The biological applications of graphene oxide (GO)-based materials have been widely explored due to their potential for bacterial inhibition, bio-analysis, and drug delivery. Although various cytotoxicity investigations have been carried out for both pristine and functionalized graphene on different cell types, they have produced contradictory results.
It has been widely assumed that the properties of GOs produced by the four current oxidative methods (Staudenmaier, Hofmann, Hummers, and Tour) are similar. However, given the different conditions used in these methods, it is inevitable that the amount and type of oxygen-containing functionalities present on GO nanomaterials differ significantly, which could influence the toxicity of the GO.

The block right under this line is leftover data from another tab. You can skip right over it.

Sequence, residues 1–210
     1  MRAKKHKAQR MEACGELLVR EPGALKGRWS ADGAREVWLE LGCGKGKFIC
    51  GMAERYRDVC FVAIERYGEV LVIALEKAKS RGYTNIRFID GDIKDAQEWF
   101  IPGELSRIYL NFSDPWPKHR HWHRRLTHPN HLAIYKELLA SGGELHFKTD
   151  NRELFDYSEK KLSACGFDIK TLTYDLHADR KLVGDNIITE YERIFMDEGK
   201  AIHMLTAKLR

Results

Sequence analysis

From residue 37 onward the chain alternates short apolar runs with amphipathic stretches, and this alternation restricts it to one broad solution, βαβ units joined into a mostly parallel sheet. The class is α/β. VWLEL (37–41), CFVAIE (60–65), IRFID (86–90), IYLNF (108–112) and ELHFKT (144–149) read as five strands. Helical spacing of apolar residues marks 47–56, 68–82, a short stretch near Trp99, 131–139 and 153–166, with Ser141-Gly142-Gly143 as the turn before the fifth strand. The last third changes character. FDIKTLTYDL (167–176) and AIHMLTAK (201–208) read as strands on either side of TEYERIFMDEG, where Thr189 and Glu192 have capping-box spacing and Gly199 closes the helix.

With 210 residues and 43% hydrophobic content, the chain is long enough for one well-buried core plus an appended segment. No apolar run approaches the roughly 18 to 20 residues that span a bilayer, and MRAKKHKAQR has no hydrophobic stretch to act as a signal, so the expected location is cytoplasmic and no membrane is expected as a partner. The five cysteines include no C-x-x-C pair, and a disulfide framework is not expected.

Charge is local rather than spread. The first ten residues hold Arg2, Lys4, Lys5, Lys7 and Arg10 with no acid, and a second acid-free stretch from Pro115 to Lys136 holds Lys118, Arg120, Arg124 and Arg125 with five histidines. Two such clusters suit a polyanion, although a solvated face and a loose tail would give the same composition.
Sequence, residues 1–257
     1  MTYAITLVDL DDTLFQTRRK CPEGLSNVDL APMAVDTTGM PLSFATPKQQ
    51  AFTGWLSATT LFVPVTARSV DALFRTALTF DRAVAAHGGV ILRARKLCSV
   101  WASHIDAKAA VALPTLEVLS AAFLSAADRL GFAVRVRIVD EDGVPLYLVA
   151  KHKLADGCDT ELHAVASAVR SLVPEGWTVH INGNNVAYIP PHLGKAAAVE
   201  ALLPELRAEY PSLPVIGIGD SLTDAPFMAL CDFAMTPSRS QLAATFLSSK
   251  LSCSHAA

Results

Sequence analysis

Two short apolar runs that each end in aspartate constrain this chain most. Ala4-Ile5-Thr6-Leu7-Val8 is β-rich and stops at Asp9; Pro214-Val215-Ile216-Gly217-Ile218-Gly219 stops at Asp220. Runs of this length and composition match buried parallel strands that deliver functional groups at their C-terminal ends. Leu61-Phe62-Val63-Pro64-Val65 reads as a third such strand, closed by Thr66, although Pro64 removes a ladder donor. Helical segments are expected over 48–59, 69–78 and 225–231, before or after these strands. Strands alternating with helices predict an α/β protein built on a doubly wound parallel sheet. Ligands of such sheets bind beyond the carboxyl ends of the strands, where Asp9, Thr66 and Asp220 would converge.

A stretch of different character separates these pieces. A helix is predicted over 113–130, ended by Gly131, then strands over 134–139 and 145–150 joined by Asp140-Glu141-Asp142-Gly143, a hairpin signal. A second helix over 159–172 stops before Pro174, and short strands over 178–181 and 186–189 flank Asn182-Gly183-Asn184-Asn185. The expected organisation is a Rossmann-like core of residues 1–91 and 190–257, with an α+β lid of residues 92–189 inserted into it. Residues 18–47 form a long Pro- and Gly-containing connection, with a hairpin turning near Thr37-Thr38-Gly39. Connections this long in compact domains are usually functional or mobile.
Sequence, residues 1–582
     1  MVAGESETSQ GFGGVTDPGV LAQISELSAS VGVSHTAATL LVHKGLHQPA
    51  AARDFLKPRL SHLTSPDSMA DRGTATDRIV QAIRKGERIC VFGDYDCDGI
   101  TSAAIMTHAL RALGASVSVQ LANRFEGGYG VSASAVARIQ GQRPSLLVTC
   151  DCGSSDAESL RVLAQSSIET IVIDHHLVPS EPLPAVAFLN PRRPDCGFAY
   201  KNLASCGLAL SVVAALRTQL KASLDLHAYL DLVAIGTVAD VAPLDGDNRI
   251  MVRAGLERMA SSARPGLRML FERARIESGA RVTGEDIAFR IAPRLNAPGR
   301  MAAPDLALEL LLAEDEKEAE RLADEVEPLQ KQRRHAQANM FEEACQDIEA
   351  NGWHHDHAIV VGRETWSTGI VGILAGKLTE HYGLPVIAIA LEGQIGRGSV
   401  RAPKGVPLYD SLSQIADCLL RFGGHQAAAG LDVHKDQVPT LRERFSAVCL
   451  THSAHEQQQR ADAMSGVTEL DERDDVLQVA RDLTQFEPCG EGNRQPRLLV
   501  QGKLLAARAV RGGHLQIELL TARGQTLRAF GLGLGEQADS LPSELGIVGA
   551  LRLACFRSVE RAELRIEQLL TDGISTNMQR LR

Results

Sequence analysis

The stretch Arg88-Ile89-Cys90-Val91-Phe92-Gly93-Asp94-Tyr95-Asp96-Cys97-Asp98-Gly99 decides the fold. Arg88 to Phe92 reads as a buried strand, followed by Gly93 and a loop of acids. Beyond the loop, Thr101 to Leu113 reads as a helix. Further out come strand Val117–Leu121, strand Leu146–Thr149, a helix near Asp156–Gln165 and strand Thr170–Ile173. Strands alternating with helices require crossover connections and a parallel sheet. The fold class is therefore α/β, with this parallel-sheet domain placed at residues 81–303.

M. Pumera and E. L. K. Chng, Nanyang Technological University, Singapore, have used two different, mitochondrial activity-based assays to systematically study the effect of GO particles produced by the four different methods on a human lung carcinoma epithelial cell line. This cell line was chosen as it could serve as the point of entry into the body for graphene nano/micropowders due to its position within the respiratory tract.
Although all four GOs showed strong dose-dependent cytotoxic responses, the different oxidizing methods clearly resulted in differing cytotoxicity, with the extent of oxidation and number of carbonyl groups being critical factors.
- The Toxicity of Graphene Oxides: Dependence on the Oxidative Methods Used,
Elaine Lay Khim Chng, Martin Pumera,
Chem. Eur. J. 2013.